To start, Jaques jumps in on a shared line of verse when the Duke finishes speaking.  The Duke mentions theater and scenes and Jaques, who has recently decided that he aspires to be a fool, decides to riff on this subject.  I believe that the shared line means that he does not hesitate to begin, but rather jumps right in.  Furthermore, he gets his entire thesis in one sentence, establishing that the whole world is a stage, the men and women are players who enter and exit and that one man plays seven roles in a lifetime.  The Folio gives us a colon and some commas to indicate when Jaques may be refining his idea, but he doesn’t yield until his entire thesis is out.

Having gotten this far, he can breathe and see if everyone is with him.  The script doesn’t have anyone interrupt him, so he continues.  His next sentence covers infancy and childhood.  He lumps two characters together, as this is still a new idea that he is trying out, and it might not meet approval.

Having succeeded there, he moves on to the lover. It is worth noting that all of the characters from this point are Commedia Dell’arte characters, which Shakespeare’s audience would have known (Lover/Innamorati, Soldier/Il Capitano, Justice/ Il Dottore, Pantaloon/Pantalone) and each comes with a very distinct physical presentation, which Jaques describes.  I think it is reasonable to assume that Jaques might act these characters as he describes them.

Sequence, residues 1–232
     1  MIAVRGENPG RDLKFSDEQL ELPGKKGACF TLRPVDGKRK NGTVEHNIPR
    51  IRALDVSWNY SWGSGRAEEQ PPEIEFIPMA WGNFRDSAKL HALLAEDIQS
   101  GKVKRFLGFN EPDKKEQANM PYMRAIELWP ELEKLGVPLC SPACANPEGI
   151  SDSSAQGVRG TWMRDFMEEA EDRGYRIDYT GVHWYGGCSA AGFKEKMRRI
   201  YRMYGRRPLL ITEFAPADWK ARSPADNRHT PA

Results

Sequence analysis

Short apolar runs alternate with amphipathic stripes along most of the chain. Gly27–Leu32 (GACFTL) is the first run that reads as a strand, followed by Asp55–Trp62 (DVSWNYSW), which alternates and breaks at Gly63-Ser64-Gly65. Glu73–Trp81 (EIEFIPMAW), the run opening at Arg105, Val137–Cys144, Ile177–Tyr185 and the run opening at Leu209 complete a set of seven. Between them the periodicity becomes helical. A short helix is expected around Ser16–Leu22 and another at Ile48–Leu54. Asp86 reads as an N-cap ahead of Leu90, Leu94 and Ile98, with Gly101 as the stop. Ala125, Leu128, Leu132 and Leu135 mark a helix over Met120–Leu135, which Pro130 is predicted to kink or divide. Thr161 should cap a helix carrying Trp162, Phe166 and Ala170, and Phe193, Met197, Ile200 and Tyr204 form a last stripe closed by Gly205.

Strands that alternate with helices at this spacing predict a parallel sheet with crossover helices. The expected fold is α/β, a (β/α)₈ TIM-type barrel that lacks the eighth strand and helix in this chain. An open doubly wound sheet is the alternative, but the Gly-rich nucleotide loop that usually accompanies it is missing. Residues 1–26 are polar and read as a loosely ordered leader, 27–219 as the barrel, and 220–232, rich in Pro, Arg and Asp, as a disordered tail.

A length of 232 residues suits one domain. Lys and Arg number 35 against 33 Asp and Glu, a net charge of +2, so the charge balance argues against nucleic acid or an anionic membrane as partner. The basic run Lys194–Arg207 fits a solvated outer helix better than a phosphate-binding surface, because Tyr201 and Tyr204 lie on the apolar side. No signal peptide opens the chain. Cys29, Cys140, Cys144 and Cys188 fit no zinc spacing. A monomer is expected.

The lover gets his own sentence.  The soldier is combined with the judge (maybe the soldier doesn’t play as well with the lords that Jaques is entertaining). Pantaloon, the old man, gets his own sentence, with many parenthetical descriptions of his appearance and voice.

As he gets into the final scene, second childishness, we look to spelling and find that Shakespeare is building on his description of Pantaloon’s voice.  Having described his voice turning to a treble whistle, Shakespeare/Jaques fills the last sentence with “s” sounds.  In the Folio typeface it is particularly apparent how many times the letter “s” appears.  This character seems to devolve into wheezing and whistling:

folio-stage-speech-3“LaSt Scene of all,
That endS thiS Strange eventful hiStory,
iS Second childishneSS, and mere oblivion,
SanS teeth, SanS eyeS, SanS taSte, SanS everything.”

Of course, an actor or production can do any number of things with this scene, but I am delighted to explore just how many suggestions we get by looking to the earliest published versions of the text.

profile_faceVisit First Folio! Shakespeare’s American Tour before it closes on January 22 and try your hand at deciphering the First Folio’s acting clues. You can see what choices our actors have made when when As You Like It begins performances on January 24. For tickets and more information, visit us online or call the Folger Box Office at 202.544.7077.


Very insightful, especially to me as I have little knowledge of the techniques of a playwright’s writing and interpretation of a playwright’s intent.

George P. Hoskin — February 1, 2017